The sweet life
'I insist upon my rooms being beautiful. I can't abide ugliness in factories,' announces diva-like confectionary magnate Willy Wonka to the golden-ticket winners in Roald Dahl's children's book Charlie and the Chocolate Factory.
Via his mad-cap and childlike imagination, a chocolate processing plant is transformed into a fantastical wonderland. It's a scintillating world filled with churning waterfalls of cocoa and miraculously grown trees of sweets, and was responsible for firing up the wandering imaginations and waistlines of an entire generation.
While those Wonka-heads will forever live with the disappointment of reality, a close second does exist in the the factory belonging to La Maison du Chocolat, understood to be one of world's best chocolatiers.
There's always been a rivalry between French, Belgian and Swiss chocolatiers. But France can lay serious claim to having perhaps the celebrated chocolate tradition - they invented the truffle, after all. Headed by Gilles Marchal, a former pastry chef at the Plaza Athenee and Le Bristol hotel, today he is showing us around the company's Nanterre headquarters, situated in a non descript suburb in the hinterlands of Paris' industrial estates.
Before you enter the factory floor, the air is dizzyingly heavy with the nutty aroma of cocoa - it's so cloying, you want to faint from the languid smell. And it's all understandably clinical: a careful and ritualised ablution must be performed, where scrubs are worn to prevent any unwanted human detritus from mingling with the delicate production process.
Of course, that's all extraneous once you actually step foot on the floor. The heavy aroma gives away to light tropical notes - a reminder of the chocolate's exotic origins in Madagascar, Ghana or the Caribbean. Marchal sources his chocolate from Valrhona, a French chocolate-maker considered to be one of the best in the world who supplies its 'couverture chocolate' - a high quality form which uses the best chocolate beans.
Marchal prefers its Grand Cru chocolate, a method Valrhona championed in the 1980s that treats the cocoa beans like wine. He understands all the various components, from soil to microclimate, that might affect the final flavour of the couverture. Couverture made from beans in Madagascar in one year will differ from those from the same source in another.
Marchals tells me he often likes to blend Grand Cru couvertures, which can affect the taste of the chocolate. 'It's not just about the product, but about the recipes,' he says. They use 20 different types of chocolate and create a mix from these.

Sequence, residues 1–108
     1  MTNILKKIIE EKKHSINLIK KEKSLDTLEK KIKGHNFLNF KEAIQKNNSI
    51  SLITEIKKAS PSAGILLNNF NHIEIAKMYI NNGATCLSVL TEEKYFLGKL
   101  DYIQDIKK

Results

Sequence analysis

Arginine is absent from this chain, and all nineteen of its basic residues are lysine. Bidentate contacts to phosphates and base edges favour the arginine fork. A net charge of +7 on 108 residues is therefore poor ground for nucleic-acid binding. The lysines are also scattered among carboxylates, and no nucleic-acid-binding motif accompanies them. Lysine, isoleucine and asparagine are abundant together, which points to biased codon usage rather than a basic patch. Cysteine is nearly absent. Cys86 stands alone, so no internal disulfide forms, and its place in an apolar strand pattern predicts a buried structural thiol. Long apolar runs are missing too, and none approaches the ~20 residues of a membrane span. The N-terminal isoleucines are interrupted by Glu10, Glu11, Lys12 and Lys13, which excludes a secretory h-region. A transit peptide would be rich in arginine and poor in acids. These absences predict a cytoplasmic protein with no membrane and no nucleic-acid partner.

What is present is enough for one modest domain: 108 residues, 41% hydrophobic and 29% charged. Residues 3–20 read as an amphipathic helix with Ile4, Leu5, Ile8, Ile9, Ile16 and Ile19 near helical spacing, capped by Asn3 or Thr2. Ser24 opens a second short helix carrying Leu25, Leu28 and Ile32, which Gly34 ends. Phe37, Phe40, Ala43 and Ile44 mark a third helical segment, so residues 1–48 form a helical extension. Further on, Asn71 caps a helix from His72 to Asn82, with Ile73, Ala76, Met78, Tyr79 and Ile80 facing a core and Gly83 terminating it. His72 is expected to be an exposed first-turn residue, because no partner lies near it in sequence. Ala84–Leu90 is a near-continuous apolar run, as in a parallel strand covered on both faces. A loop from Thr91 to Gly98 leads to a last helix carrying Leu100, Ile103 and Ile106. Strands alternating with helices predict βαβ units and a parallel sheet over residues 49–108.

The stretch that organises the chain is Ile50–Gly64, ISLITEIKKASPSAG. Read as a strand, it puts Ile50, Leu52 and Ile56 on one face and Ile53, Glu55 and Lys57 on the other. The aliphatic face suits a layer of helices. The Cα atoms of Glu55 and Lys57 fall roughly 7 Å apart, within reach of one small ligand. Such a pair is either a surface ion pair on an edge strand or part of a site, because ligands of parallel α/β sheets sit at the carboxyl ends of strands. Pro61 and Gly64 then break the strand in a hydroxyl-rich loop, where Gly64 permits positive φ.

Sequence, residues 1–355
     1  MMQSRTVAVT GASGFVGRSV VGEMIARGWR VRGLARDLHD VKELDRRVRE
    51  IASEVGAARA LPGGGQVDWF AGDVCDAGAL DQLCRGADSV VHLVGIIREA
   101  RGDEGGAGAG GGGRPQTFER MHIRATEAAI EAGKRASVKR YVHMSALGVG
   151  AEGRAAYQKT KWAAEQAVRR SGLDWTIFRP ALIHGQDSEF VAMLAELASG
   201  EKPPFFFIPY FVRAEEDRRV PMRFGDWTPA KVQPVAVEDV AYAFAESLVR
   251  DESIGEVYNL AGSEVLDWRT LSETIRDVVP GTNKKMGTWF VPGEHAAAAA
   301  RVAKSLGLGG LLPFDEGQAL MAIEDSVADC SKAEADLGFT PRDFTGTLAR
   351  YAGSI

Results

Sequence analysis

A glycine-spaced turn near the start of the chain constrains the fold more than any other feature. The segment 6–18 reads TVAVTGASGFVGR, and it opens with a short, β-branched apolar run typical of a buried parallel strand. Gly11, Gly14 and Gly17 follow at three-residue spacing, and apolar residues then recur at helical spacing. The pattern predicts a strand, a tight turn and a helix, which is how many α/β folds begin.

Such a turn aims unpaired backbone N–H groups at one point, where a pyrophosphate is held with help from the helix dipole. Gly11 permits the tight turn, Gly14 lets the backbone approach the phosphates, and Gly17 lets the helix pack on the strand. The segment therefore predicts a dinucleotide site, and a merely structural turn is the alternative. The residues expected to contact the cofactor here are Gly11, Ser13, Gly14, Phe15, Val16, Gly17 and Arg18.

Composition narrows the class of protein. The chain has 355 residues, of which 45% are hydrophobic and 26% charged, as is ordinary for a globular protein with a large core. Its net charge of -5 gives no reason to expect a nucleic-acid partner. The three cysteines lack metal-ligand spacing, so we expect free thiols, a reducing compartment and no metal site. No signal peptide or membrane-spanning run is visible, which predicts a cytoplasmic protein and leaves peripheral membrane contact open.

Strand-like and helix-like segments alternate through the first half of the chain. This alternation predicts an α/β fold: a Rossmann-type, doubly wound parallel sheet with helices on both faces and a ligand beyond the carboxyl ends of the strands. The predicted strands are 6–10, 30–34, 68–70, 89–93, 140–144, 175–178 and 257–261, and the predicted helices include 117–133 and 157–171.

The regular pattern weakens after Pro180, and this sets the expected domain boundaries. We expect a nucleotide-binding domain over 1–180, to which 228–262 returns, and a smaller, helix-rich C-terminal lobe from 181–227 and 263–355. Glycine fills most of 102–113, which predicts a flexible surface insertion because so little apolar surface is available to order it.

Valrhona chocolate is known for its light, floral notes which take on the flavours Marchal likes to use: mint, black tea, cinnamon and even whisky. The flavours are never added to the melted chocolate, but are infused with cream so that they mix better.
He urges us to try from a vats of carefully melted ganache in different flavours, which is the mixture formed when cream is combined with the melted couverture. In chocolate parlance, the ganache is the backbone of any piece of chocolate - Le Maison creates four of them per day by using 30-50kg of chocolate.
As we push onto the next room, it's a serene scene where long corridors of melted ganache stretch from one end of the room to another on morgue-like steel-tables. The closest comparison we can think of is nap-time at a kindergarten, an apt metaphor as the chocolate requires lots of resting before it can be cut or decorated.
The optimal temperature must be maintained between 10-12 degrees, and once the chocolate has been cut on a 'guitar', it is taken through to the 'enrobing room' where it is hand-decorated - on our visit, three people were individually responsible for placing red dots on a batch of chocolates, simply for decorative effect. These decorating tasks change throughout the day, depending on the nature of ornamentation.
When it's time for quality control, it's a remarkable scene that draws our envy: conveyors belts of chocolates running down the length of the room, while nonchalant workers handle and check if there are any final flaws, while carelessly discarding chocolates that don't fit the bill.
We leave with a box of chocolate and Portuguese poet Fernando Pessoa's timely quote in our head: 'Look, there's no metaphysics on earth like chocolates.'
English chocolatier Chantal Coady stresses the homemade with her chocolates, with flavours ranging from Basil to Persian lime. She creates ethically traded and sourced chocolates made from organic cocoa beans and uses it in all her products. rococochocolates.com
French master chocolatier Hevin's couvertures are made from beans grown in Venezuela, Ecuador, Colombia and Madagascar. Their esteem is such that they recently launched Hong Kong's first Parisian-style Boutique et Bar a Chocolat on Lyndhurst Terrace in Central, with exclusive coffret boxes and luxurious hot chocolate. jphevin.com
As well as being one of the most famous suppliers to brands, Valrhona produces three vintage chocolate varieties under its own name - Ampamakia, Gran Couva and Palmira - each made from beans grown in Madagascar, Trinidad and Venezuela. valrhona.com
L'Artisan du Chocolat
A newer chocolatier on the scene, L'Artisan only started up in 2001 but are acclaimed for their ganache-filled chocolates and liquid salted caramels, with exclusive flavours like Japanese Green Tea Matcha. lartisanduchocolat.net
Charbonnel et Walker
Charbonnel started out in 1875 through the encouragement of King Edward VII. They're renowned for their plain chocolate, made from the finest dark couverture, and can claim the Queen as a fan. charbonnel.co.uk